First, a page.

Crocidura canariensis 

Scope: Global, Europe & Mediterranean
Language: English

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Taxonomy [top]

Kingdom Phylum Class Order Family
Animalia Chordata Mammalia Eulipotyphla Soricidae

Scientific Name: Crocidura canariensis Hutterer, Lopez-Jurado & Vogel, 1987
Common Name(s):
English Canarian Shrew, Canarian Shrew, Canary Shrew
French Crocidure des Canaries
Spanish Musaraña Canaria
Taxonomic Notes: It has been argued, on the basis of mandibular measurements, that Crocidura canariensis should be treated as a subspecies of C. sicula (Sarà 1996). However, other morphological, ecological, palaeontological and molecular evidence supports specific status (Michaux et al. 1991, Hutterer et al. 1992). Genetic distances suggest that C. canariensis and C. sicula diverged approximately five million years ago (Vogel et al. 2003).

Assessment Information [top]

Red List Category & Criteria: Endangered B1ab(ii,iii) ver 3.1
Year Published: 2008
Date Assessed: 2008-06-30
Assessor(s): Hutterer, R.
Reviewer(s): Amori, G. (Small Nonvolant Mammal Red List Authority) & Temple, H. (Global Mammal Assessment Team)
C. canariensis has a very small extent of occurrence (5,000 km²), which is severely fragmented, and presumably declining as a result of habitat loss and degradation caused by urbanisation and desertification. Consequently it qualifies as Endangered.
Previously published Red List assessments:

Geographic Range [top]

Range Description:The Canary shrew Crocidura canariensis is endemic to the eastern Canary Islands, where it is currently found on Lanzarote, Fuerteventura, Lobos and Mount Clara. Its extent of occurrence (EOO) is less than 5,000 km². Recent fossils indicate that it previously occurred on Graciosa and Alegranza (Hutterer 1999), but it has never been trapped on either of these islands and is presumed to have gone extinct there (Palomo and Gisbert 2002). Canary shrew remains have been found in owl pellets collected on Graciosa and Alegranza, but this is believed to result from the movement of owls between different islands (Palomo and Gisbert 2002).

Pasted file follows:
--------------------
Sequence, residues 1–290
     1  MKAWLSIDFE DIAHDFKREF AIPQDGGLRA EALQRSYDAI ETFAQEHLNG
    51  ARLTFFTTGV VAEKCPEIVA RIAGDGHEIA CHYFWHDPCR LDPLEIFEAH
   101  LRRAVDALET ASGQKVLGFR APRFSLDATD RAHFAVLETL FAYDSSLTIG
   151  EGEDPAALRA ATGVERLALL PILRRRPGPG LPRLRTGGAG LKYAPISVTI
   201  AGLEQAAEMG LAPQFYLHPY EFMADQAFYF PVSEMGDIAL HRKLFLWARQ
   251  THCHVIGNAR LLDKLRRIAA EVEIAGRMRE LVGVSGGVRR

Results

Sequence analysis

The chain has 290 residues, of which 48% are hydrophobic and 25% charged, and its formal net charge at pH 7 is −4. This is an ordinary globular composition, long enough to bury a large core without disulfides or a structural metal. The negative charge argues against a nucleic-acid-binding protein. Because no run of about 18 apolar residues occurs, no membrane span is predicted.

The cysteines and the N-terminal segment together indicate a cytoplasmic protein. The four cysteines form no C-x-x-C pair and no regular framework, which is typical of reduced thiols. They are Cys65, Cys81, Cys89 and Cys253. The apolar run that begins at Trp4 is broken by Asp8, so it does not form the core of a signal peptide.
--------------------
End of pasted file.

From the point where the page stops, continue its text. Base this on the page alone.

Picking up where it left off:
Countries occurrence:
Spain (Canary Is.)
Additional data:
Range Map:Click here to open the map viewer and explore range.

Population [top]

Population:Numbers and population trends are unknown. Mount Clara has a tiny population, which is unlikely to number more than a hundred individuals. The habitat of C. canariensis is severly fragmented as a result of anthropogenic habitat loss and natural barriers to dispersal (R. Hutterer pers. comm. 2006).
Current Population Trend:Decreasing
Additional data:
Population severely fragmented:No

Habitat and Ecology [top]

Habitat and Ecology:The Canary shrew's main habitat is the malpaís (barren lava fields), and it seems to be adapted to the hot and dry conditions of these plains (Hutterer et al. 1992, Stone 1995). It feeds on snails and insects in lava tubes, and it is cool inside its burrows even when temperatures reach 60ºC outside. The shrew is also sometimes found in gardens and abandoned arable land adjacent to lava fields, as well as in rocky gullies and sandy areas with rocks and vegetation (Palomo and Gisbert 2002). On Mount Clara, the species is restricted to a single coastal sand dune. More suitable habitat is found on other islands, however, there is a lot of urbanisation and industry.

Threats [top]

Major Threat(s): This species has a highly restricted distribution. Rapid urbanisation and infrastructure development in and around its range are causing loss and fragmentation of suitable habitat, and desiccation may also be a problem (Hutterer 2004). Introduced cats Felis catus sometimes depredate Canary shrews (Palomo and Gisbert 2002). Other introduced species, e.g. rats and mice, are also present but are not known to have any effect on the Canary shrew. Of these threats, habitat loss is considered to be the most important (Palomo and Gisbert 2002).

Conservation Actions [top]

Conservation Actions: C. canariensis is listed on Appendix II of the Bern Convention and Annex IV of the EU Habitats Directive, and is also protected under Spanish law. It is found within a number of National Parks in Fuerteventura. Research is needed to determine the ecological and conservation requirements of this species (Stone 1995). Recommended conservation measures include controlling feral cats and preventing further introductions of alien species to small islands such as Mount Clara (Palomo and Gisbert 2002).

Citation: Hutterer, R. 2008. Crocidura canariensis. The IUCN Red List of Threatened Species 2008: e.T5560A11333820. . Downloaded on 19 September 2018.
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